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Thread: Mail sent with ZD marked as spam

  1. #1
    krabina is offline Special Member
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    Default Mail sent with ZD marked as spam

    Hi,

    sometimes it happens that mails sent with Zimbra Desktop via an mobile internet connection are marked as spam. The mail goes from one zimbra-account (test) to another (team).

    Can anybody confirm this?

    Return-Path: test@kdz.or.at
    Received: from server02.kdz.or.at (LHLO xxx.kdz.or.at) (192.168.X.X) by
    xxx.kdz.or.at with LMTP; Mon, 28 Jun 2010 07:25:47 +0200 (CEST)
    Received: from localhost (localhost [127.0.0.1])
    by xxx.kdz.or.at (Postfix) with ESMTP id EAEC11F83C;
    Mon, 28 Jun 2010 07:25:46 +0200 (CEST)
    X-Virus-Scanned: amavisd-new at server02.kdz.or.at
    X-Spam-Flag: YES
    X-Spam-Score: 9.41
    X-Spam-Level: *********
    X-Spam-Status: Yes, score=9.41 tagged_above=-10 required=5
    tests=[BAYES_00=-1.9, HELO_NO_DOMAIN=0.001,
    RCVD_IN_BL_SPAMCOP_NET=1.347, RCVD_IN_BRBL_LASTEXT=1.449,
    RCVD_IN_PBL=3.335, RCVD_IN_PSBL=2.7, RCVD_IN_RP_RNBL=1.31,
    RCVD_IN_XBL=0.375, RDNS_NONE=0.793] autolearn=no
    Received: from xxx.kdz.or.at ([127.0.0.1])
    by localhost (xxx.kdz.or.at [127.0.0.1]) (amavisd-new, port 10024)
    with ESMTP id PvlgxdTedlqQ; Mon, 28 Jun 2010 07:25:46 +0200 (CEST)
    Received: from xxx.kdz.or.at (server02.kdz.or.at [192.168.1.52])
    by xxx.kdz.or.at (Postfix) with ESMTP id 6196E1F831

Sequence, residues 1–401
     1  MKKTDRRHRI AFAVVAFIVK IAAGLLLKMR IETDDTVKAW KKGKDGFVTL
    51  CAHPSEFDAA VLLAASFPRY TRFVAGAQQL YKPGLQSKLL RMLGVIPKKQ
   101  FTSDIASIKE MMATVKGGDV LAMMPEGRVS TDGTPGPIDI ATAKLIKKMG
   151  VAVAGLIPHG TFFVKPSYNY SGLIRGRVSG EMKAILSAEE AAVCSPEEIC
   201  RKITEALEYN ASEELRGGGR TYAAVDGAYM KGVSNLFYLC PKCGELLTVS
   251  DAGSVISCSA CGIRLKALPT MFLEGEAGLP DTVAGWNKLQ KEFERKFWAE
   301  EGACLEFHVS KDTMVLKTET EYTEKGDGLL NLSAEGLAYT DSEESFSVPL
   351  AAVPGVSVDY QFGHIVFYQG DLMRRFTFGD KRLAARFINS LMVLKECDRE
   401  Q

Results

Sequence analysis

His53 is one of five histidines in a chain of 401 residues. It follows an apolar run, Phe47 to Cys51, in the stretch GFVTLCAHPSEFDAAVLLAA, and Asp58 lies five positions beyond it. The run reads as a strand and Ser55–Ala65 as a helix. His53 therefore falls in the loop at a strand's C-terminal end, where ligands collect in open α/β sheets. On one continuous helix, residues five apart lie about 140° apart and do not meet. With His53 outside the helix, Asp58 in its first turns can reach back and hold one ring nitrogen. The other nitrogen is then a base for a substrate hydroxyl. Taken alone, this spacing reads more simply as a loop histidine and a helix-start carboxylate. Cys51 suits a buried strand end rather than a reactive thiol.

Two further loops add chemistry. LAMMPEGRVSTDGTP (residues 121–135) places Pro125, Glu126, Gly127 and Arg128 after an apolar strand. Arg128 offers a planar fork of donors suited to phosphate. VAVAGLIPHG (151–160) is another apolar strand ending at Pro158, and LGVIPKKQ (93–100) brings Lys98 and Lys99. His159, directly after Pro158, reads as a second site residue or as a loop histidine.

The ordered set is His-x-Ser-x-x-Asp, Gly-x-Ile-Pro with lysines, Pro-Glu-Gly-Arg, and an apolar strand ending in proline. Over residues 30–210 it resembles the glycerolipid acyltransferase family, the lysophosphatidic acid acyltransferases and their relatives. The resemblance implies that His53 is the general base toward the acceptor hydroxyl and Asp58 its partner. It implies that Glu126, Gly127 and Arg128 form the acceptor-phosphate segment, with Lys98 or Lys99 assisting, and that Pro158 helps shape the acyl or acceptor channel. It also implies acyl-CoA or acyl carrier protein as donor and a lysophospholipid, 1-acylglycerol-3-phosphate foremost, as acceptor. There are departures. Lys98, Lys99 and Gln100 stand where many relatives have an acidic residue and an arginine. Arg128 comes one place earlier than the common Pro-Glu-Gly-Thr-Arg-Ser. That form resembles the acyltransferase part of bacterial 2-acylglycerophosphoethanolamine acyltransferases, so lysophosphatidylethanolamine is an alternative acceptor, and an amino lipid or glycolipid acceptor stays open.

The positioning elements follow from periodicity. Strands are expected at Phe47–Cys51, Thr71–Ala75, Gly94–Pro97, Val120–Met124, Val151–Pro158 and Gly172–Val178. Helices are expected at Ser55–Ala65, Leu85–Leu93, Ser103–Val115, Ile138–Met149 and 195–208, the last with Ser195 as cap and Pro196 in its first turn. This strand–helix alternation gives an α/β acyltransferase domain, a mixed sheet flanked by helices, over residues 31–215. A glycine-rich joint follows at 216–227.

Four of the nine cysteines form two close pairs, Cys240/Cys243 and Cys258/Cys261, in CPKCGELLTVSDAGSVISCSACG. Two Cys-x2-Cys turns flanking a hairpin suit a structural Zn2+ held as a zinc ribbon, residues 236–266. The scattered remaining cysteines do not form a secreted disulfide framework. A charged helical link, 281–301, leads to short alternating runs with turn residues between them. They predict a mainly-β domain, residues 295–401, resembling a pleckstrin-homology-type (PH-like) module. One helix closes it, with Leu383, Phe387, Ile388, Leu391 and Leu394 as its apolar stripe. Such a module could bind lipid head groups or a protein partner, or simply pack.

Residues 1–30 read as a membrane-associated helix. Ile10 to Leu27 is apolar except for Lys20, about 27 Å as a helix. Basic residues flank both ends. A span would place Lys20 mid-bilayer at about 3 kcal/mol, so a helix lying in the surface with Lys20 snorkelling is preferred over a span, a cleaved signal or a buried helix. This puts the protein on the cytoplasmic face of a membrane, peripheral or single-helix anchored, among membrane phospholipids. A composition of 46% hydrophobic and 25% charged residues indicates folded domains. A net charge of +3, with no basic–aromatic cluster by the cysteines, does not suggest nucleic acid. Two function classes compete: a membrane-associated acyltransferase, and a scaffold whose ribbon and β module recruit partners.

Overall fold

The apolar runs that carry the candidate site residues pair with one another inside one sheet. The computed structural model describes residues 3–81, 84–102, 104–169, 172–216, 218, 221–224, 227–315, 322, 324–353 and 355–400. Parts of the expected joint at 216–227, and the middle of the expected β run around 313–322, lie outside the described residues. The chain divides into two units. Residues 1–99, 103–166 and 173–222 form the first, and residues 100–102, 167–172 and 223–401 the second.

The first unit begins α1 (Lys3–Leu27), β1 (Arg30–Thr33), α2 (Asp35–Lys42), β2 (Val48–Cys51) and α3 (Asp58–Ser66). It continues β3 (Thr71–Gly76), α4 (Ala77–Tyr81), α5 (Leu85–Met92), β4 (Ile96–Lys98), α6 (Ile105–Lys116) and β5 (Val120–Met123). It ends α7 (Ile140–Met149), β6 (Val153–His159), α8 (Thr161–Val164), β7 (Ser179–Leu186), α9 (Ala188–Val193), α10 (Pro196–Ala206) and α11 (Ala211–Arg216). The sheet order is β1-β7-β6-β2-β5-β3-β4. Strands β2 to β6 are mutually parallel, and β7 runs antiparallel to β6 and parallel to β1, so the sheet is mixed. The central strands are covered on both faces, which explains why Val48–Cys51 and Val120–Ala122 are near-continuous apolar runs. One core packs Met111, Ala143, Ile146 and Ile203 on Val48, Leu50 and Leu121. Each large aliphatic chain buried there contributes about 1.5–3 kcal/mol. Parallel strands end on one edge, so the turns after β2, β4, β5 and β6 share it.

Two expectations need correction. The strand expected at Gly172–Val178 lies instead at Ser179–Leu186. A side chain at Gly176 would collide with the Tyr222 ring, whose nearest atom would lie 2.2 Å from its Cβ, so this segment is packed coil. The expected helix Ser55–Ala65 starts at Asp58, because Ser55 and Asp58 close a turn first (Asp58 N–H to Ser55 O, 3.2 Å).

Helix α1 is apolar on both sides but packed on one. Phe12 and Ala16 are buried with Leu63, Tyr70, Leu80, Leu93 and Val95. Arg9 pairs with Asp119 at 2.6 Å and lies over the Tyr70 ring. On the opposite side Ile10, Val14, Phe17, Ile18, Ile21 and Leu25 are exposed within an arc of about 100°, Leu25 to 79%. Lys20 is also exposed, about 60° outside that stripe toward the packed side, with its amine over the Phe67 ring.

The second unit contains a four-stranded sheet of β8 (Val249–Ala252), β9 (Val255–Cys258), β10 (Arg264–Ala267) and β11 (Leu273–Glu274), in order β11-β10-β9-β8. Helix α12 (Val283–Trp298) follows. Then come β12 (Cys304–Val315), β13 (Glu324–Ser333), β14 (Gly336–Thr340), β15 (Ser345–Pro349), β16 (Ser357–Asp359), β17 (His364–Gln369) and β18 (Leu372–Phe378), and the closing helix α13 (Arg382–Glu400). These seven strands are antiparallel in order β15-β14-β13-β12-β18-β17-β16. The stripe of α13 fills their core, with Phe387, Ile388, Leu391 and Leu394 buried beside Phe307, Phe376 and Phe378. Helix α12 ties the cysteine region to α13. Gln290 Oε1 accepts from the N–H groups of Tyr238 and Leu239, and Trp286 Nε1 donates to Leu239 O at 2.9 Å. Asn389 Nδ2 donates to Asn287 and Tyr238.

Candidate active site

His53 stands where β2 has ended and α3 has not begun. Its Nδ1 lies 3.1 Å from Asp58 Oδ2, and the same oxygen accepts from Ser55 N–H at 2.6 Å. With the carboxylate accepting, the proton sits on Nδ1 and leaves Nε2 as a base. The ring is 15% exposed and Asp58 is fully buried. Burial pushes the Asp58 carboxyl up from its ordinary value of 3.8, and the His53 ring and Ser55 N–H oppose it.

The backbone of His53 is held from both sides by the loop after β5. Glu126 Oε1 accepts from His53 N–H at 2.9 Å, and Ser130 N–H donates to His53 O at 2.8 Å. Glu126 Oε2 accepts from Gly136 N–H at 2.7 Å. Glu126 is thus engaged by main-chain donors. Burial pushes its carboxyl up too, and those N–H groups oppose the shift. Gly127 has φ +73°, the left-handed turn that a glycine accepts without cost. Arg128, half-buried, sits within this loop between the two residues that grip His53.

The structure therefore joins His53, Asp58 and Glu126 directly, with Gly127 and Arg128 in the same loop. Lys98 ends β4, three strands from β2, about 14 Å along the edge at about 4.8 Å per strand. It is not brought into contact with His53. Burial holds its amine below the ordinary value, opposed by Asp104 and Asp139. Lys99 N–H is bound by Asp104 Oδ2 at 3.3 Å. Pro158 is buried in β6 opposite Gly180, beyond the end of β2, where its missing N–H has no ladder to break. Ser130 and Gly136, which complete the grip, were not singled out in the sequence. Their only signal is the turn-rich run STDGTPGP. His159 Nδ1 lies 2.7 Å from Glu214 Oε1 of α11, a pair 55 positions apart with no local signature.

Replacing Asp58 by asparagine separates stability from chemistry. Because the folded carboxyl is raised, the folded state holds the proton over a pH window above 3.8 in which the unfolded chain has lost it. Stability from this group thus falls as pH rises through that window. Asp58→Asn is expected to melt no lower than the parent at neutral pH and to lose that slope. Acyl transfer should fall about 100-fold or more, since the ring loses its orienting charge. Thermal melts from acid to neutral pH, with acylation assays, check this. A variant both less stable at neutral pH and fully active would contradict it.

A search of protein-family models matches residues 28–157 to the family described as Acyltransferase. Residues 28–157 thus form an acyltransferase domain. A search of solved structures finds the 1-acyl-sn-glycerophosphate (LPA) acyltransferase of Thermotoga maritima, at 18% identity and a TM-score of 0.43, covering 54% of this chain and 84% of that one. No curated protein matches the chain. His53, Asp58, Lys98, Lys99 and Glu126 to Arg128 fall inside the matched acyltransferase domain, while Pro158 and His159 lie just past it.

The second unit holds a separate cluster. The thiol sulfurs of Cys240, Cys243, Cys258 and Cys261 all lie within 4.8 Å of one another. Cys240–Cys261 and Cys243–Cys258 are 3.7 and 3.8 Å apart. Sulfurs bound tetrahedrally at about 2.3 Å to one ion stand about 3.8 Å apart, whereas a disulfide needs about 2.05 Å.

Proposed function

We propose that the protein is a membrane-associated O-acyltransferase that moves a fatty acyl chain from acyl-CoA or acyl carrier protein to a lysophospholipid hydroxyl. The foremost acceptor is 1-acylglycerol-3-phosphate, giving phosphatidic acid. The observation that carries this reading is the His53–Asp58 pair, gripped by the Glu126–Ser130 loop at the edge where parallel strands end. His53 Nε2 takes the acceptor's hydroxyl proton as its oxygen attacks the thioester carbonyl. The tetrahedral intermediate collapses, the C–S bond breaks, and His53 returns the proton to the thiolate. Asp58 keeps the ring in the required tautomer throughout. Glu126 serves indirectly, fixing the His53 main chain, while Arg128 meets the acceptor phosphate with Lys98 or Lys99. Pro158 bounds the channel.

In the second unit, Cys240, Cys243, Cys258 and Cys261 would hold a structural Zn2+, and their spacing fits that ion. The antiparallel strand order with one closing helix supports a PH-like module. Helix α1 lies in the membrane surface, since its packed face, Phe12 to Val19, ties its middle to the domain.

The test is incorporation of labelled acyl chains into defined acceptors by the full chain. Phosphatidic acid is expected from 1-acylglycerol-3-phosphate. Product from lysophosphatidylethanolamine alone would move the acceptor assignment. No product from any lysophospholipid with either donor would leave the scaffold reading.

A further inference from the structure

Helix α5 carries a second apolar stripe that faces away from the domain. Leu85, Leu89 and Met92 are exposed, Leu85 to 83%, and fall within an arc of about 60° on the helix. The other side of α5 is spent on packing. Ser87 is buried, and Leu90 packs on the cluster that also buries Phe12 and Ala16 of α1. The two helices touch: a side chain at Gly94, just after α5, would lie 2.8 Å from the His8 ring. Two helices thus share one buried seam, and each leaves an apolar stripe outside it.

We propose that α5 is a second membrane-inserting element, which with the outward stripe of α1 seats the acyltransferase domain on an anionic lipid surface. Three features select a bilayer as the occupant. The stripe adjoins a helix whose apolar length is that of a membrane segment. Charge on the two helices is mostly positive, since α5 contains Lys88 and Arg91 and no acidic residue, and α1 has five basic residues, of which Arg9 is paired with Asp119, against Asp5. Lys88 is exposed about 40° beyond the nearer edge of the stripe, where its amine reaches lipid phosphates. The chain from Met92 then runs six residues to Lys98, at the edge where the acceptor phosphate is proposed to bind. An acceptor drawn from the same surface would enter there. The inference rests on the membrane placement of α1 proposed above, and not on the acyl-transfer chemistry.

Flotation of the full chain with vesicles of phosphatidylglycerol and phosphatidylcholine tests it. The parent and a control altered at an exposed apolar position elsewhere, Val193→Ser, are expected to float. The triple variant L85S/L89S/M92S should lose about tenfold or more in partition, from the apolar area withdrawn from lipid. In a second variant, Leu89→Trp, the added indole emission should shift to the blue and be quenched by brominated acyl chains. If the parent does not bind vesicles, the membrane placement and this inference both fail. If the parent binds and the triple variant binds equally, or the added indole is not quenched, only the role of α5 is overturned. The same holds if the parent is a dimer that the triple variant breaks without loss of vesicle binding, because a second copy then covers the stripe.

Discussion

for <team@kdz.or.at>; Mon, 28 Jun 2010 07:25:46 +0200 (CEST)
    Date: Mon, 28 Jun 2010 07:25:46 +0200 (CEST)
    From: TEST <test@kdz.or.at>
    To: Team <team@kdz.or.at>
    Message-ID: <8441896.21277703127296.JavaMail.SYSTEM@pc71>
    In-Reply-To: <28545426.21277667213671.JavaMail.SYSTEM@pc71>
    Subject: =?utf-8?Q?Arbeits-_und_Projektbesprechung?=
    =?utf-8?Q?_-_Tagesordnung_f=C3=BCr_den_2.7.2010?=
    MIME-Version: 1.0
    Content-Type: multipart/mixed;
    boundary="----=_Part_2_20802899.1277703127281"
    X-Originating-IP: [213.162.66.137]
    X-Mailer: Zimbra 6.0.7_GA_2473.UBUNTU8 (Yahoo! Zimbra Desktop/1.0.3_1691_Windows)
    The same mail sent with Zimbra Web client:
    Return-Path: test@kdz.or.at
    Received: from server02.kdz.or.at (LHLO xxx.kdz.or.at) (192.168.X.X by
    xxx.kdz.or.at with LMTP; Mon, 28 Jun 2010 13:20:21 +0200 (CEST)
    Received: from localhost (localhost [127.0.0.1])
    by xxx.kdz.or.at (Postfix) with ESMTP id 574561F83C;
    Mon, 28 Jun 2010 13:20:21 +0200 (CEST)
    X-Virus-Scanned: amavisd-new at server02.kdz.or.at
    X-Spam-Flag: NO
    X-Spam-Score: -2.91
    X-Spam-Level:
    X-Spam-Status: No, score=-2.91 tagged_above=-10 required=5
    tests=[ALL_TRUSTED=-1, BAYES_00=-1.9, T_RP_MATCHES_RCVD=-0.01]
    autolearn=ham
    Received: from xxx.kdz.or.at ([127.0.0.1])
    by localhost (xxx.kdz.or.at [127.0.0.1]) (amavisd-new, port 10024)
    with ESMTP id fR+MWxDXuG2k; Mon, 28 Jun 2010 13:20:21 +0200 (CEST)
    Received: from xxx.kdz.or.at (server02.kdz.or.at [192.168.1.52])
    by xxx.kdz.or.at (Postfix) with ESMTP id F2A3F1F831
    for <team@kdz.or.at>; Mon, 28 Jun 2010 13:20:20 +0200 (CEST)
    Date: Mon, 28 Jun 2010 13:20:20 +0200 (CEST)
    From: TEST <test@kdz.or.at>
    To: Team <team@kdz.or.at>